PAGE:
Last night at my academy I was informed that Les Phipps had passed away. For those who didn’t know Les, he has been an important figure in the area tennis scene for a long, long time. His obituary will fill you in on some of it, including his coaching stints at Grace College and Warsaw High School. However, what it didn’t mention is that he was also a former coach at Wawasee High School.
I played tennis with Les on many occasions and sat talking with him about his coaching experiences as well as life experiences. He was a truly great man and always fascinating to talk to.
A fews weeks before he passed away, my phone rang one morning and it was Les. “Hello, Shane!” he said with his normal enthusiastic tone. Our conversation was brief that day, only about 5 minutes or so, but he had called just to see how I was doing and said he appreciated all the things I was doing for the kids over at Wawasee. “You’re doing great things and I appreciate it!” he commented. It meant a lot, especially coming from him. It also summed up Les perfectly…this was a man who loved tennis and cared a lot about the development of the sport at the youth level. He stated he had stopped by my academy one day, but I was busy on court training someone, so he didn’t want to interrupt. He just watched for a few minutes and then departed. Last spring he walked on court during one of my practices with the Wawasee girls tennis team…that was Les just checking in. After he left, a few of my girls asked who he was. I told them that he was a former Wawasee tennis coach, the man who had built the hitting board in back of court #6 at our tennis facility. That hitting board so many junior tennis players started out their careers on. I went on to tell them that he’s also living proof that tennis can be a life sport, still playing weekly into his 80s and still very good. A true inspiration.
When I was in my first year coaching at Wawasee, Les took me aside and really showed support and interest and always displayed that infectious enthusiasm towards coaching and the sport. He was not only a team coach, but also a personal coach to many juniors in his time as I am now and I can truly say I learned a lot from his stories, his generous sharing of his knowledge and experience with me.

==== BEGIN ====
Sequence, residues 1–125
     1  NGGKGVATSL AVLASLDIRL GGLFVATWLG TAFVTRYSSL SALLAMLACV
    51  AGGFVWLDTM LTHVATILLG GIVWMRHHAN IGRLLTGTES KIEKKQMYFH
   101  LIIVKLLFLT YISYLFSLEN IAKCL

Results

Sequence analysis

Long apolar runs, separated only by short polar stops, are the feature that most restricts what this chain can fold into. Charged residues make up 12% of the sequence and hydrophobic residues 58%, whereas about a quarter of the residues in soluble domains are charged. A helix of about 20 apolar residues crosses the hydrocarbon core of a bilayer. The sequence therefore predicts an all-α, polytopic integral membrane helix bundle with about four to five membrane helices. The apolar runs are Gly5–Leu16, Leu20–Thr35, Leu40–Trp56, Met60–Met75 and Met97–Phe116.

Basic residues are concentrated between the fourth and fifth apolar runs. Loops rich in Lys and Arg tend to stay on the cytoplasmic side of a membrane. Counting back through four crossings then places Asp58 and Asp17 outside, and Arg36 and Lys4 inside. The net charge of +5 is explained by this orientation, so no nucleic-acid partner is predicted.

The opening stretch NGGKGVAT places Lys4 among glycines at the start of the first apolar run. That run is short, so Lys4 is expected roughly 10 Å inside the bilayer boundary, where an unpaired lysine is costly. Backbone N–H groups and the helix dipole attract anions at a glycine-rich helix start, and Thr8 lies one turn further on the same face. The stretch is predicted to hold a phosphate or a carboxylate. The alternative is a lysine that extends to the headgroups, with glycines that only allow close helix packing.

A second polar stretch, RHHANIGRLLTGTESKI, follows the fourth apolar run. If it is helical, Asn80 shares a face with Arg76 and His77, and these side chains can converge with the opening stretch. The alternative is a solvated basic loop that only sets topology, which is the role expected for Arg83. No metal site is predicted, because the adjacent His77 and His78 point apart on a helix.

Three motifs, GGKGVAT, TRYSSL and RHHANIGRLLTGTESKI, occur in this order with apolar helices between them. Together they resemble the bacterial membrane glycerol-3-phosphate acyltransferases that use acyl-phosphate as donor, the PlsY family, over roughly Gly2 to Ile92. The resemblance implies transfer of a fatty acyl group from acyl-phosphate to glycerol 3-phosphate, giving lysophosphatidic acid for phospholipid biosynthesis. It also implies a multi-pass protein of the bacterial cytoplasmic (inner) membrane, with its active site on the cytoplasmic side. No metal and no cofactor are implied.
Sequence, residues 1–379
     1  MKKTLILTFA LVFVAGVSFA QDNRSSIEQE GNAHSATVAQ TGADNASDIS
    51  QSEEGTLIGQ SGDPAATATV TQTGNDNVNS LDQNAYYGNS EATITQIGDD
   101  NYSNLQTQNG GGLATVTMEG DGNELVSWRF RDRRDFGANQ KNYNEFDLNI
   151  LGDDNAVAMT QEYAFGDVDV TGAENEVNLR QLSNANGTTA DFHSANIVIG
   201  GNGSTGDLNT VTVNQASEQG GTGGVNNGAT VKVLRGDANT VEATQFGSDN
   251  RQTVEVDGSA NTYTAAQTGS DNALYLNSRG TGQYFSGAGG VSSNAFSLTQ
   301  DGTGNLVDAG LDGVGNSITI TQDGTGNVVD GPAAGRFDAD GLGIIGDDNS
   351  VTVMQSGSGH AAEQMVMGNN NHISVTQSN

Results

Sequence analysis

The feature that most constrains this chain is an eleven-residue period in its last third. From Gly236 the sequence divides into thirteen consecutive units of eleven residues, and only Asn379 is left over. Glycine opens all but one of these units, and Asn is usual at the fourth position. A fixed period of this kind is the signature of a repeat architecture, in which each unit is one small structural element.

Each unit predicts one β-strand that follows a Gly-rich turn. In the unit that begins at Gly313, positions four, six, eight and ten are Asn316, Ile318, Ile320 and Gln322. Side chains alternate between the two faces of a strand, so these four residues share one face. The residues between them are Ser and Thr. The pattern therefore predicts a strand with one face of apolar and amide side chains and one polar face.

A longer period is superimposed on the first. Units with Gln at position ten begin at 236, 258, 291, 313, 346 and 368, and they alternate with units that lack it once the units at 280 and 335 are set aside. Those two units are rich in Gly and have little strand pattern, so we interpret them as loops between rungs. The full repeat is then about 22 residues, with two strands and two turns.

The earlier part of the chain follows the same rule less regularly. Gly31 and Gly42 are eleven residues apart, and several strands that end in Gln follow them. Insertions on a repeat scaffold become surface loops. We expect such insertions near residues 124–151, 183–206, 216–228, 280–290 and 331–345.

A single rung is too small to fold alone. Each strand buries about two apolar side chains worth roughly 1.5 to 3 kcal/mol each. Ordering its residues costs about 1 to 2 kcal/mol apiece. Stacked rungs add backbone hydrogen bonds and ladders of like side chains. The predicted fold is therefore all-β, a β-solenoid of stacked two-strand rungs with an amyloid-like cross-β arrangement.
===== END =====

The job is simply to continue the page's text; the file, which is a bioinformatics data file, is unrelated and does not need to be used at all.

I will miss Les and remember that final phone call for the rest of my days. Hopefully by the time my days are over I will have managed to contribute a solid fraction of what he managed to accomplish in tennis throughout his life.
Today I was torn with the predicament of missing his services due to previously scheduled lessons or cancelling those lessons in order to attend his memorial. My wife asked me, “What would Les think? Would he want you to be there?” After I thought about this for a while, I finally concluded that Les would surely give me hell for cancelling even a few kids’ tennis lessons, because that was a big part of what Les was passionate about…teaching tennis.
So his memorial services will be held Saturday morning while I’m on court at my academy, doing my part to teach the sport he loved so much.
If you believe in heaven and you know Les Phipps, right about now you can picture him inside those pearly gates adorned with windscreens. And an immaculate tennis court within. You can picture him stretching pre-match with a smile on his face and that enthusiastic glimmer in his eye, as he looks at you and says, “I’m ready to rip and tear!” And, even in heaven, he’ll measure the nets…just to make sure they’re up to spec.
Thank you, Les, for all that you did for tennis in your life. Although you will be missed by all of us in the tennis community and beyond, you will never be forgotten.
Shane Staley is the founder of Staley Tennis and a USPTA-certified trainer, Accredited Professional Coach and instructor.